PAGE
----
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A Better Way to Start Your Day

23 October 2012

Allison read Chapter 1: Write What You Know from Turn Your Face: How to Be Heard and Get What You Want Most of the Time by Barbara Linney so she could continue to make progress toward her goal of “recombobulation.”

Tags: allison read, balance, freewriting, productivity, time management and prioritization, turn your face, writing

October has been technologically challenging and, thus, a chaotic month so far. In short, I lost some of the tools that help me to prioritize, plan, schedule, communicate and generally just get my job done. Last Tuesday I blogged about what happened and how I’m using David Allen’s book, Getting Things Done to help me get out from under the backlog and return to Allen’s promised, “stress-free productivity” (I’m not there yet, but I’m certainly on my way).

This week I’ve reinstated the other half of my normal “get stuff done while feeling good” strategy—“morning pages,” as Julia Cameron calls them in her book, The Artist’s Way. I first learned about morning pages and a technique called freewriting from my mother, Barbara Linney, more than 25 years ago. I resisted the daily ritual for another 14 years until I finally broke down and began using the tool myself in 2001 when the challenge of starting a business, going to graduate school and having a life just became more than I could manage. So what are morning pages? Barbara Linney starts the first chapter of her book, Turn Your Face: How to Be Heard and Get What You Want Most of the Time with this paragraph:

“Grab a pen, put on paper the thoughts in your head as fast as they come to you. Write what you know this day, this minute. The process, called freewriting, is writing without stopping for ten minutes while not worrying about spelling, punctuation, grammar or content.”

Now you may be thinking, “I’m not a writer. Why on earth would this help me get things done?” If I ask most people how they start their work day, they answer, “Check email.” Email is a great tool and I don’t think I’d get rid of it if I could (although a client of mine has mentioned how much more he got done fifteen years ago when he only opened mail and responded to it once a day, but that’s another blog post). The main reason I bring up email in this post is because I think we can all agree that it’s often full of other people’s demands on our time. I take these requests seriously, but I don’t think they should start my day or govern my prioritization. I want to make sure I start each day thinking about how I want it to unfold and making choices about what matters to me and the people I’m trying to serve. Morning pages help me think about the day I want to have, make lists of what I need to do, vent about things that are frustrating me, express gratitude for the things that are going well, prepare for difficult conversations and more.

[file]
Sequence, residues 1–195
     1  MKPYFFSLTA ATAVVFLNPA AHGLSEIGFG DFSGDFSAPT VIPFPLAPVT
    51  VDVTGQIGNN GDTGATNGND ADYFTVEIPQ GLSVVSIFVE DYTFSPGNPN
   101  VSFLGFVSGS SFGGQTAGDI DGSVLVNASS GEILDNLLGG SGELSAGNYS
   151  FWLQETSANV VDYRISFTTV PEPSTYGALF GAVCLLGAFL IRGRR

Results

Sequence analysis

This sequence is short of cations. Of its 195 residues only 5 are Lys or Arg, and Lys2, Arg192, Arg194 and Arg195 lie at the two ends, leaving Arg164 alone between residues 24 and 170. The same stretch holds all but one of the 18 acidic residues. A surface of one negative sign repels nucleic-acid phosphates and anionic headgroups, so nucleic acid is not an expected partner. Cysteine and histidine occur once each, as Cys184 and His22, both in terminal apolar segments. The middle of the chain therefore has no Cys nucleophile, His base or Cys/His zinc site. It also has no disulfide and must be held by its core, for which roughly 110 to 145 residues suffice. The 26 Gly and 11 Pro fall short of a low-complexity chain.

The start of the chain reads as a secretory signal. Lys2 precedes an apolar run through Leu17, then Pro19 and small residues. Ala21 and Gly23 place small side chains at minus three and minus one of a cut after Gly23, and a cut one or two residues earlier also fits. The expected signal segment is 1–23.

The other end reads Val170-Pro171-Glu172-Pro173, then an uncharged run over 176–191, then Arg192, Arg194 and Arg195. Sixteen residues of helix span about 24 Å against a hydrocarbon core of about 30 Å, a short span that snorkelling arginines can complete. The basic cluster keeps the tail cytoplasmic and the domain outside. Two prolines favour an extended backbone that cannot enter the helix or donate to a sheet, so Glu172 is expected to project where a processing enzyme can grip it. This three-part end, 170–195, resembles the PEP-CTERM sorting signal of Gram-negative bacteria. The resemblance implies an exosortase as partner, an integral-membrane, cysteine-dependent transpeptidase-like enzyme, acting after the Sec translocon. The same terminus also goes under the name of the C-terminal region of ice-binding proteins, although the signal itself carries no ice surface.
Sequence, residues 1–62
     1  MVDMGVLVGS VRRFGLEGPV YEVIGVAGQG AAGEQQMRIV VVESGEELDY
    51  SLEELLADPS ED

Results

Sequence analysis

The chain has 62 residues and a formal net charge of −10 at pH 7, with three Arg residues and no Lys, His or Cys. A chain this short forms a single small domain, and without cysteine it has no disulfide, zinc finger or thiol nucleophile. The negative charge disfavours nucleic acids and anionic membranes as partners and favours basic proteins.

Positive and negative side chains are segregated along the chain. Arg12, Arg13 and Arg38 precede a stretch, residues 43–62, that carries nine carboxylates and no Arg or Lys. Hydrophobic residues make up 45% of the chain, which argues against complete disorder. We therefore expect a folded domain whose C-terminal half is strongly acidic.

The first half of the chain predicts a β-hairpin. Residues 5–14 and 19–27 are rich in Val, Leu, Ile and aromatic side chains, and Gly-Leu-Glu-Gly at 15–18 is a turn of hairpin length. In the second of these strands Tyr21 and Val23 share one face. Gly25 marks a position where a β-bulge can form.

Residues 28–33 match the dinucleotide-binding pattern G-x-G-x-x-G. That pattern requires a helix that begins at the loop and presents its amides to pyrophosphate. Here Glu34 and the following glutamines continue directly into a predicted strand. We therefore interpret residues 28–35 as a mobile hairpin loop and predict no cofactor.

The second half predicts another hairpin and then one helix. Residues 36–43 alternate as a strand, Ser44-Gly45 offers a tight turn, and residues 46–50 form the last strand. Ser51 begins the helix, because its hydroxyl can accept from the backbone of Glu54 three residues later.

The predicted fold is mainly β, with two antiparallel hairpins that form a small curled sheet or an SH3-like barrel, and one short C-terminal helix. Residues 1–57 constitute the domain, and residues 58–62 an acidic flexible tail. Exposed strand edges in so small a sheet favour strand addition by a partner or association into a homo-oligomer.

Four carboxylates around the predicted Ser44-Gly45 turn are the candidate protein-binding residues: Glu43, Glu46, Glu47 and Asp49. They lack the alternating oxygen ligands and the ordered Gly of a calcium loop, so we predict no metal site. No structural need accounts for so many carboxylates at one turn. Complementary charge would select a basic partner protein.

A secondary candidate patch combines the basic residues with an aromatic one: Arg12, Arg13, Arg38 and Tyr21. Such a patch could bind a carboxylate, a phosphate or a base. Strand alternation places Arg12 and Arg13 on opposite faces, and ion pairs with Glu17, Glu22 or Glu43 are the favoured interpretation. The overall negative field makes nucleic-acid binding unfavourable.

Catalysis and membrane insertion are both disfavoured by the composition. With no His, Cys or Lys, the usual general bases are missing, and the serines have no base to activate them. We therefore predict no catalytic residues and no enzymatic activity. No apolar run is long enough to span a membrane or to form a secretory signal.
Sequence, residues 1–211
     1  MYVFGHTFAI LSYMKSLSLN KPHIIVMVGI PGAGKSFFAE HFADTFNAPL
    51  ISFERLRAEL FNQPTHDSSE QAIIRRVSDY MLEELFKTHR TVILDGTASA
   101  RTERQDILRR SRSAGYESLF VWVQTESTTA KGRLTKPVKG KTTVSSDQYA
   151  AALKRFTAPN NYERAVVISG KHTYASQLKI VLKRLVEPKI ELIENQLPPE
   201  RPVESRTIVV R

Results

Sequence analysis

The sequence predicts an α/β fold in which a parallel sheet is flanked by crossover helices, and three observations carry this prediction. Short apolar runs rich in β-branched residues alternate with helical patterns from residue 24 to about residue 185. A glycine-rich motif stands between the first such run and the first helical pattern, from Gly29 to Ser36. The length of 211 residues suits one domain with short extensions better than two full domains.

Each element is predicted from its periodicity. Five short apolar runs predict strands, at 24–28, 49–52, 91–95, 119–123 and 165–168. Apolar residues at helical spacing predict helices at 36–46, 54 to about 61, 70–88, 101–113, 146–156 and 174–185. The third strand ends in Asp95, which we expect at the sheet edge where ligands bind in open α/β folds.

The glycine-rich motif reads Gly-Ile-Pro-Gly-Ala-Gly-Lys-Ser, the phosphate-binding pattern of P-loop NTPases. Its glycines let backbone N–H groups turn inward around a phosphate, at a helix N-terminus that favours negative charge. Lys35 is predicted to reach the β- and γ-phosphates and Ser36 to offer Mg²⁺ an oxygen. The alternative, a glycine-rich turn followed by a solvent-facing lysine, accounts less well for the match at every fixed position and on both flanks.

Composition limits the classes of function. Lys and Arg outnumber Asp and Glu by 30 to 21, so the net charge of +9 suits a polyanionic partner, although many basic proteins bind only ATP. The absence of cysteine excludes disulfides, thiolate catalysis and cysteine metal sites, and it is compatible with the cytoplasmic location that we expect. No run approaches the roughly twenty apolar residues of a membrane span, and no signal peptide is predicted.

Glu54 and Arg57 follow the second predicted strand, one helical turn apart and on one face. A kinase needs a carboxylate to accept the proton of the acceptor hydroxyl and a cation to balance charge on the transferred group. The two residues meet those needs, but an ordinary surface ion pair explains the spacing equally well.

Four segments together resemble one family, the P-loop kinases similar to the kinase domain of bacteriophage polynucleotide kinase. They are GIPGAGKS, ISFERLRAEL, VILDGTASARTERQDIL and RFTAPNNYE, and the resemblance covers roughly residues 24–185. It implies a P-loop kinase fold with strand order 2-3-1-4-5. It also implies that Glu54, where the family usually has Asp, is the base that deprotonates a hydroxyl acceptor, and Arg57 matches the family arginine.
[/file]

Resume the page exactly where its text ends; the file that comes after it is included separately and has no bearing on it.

I’ve done a pretty good job of adhering to this ritual over the last 11 years and there’s no reason that all of the technological failures of the last few weeks should have kept me from writing, but for some reason I just couldn’t make myself do it. I think it’s because I usually go from the writing to my computer and adjust my lists, schedules, and send emails based on what I wrote. But I know it’s also because I just got so scattered in the last month that I couldn’t remember many of the things I normally do to take care of myself or maintain the discipline those things require. That’s the irony of these times in our lives. We lose our ability to do the very things that might help us to feel better. After writing about these challenges two weeks in a row, I find myself thinking, “Good grief, Allison. What’s the big deal?” But then I remind myself, “Hey, it’s hard to get stuff done every day and take good care of yourself so let’s quit the mental self-flogging and just do better tomorrow.” That’s what I tell my clients all the time. I’m not exactly glad I’ve had an opportunity to remember how hard it is to do, but I also know that if I can find meaning and a lesson, then I’m close to getting "recombobulated" (thanks to General Mitchell International Airport in Milwaukee, WI for coining this fantastic word to describe the area after security where you can sit down to get reorganized).


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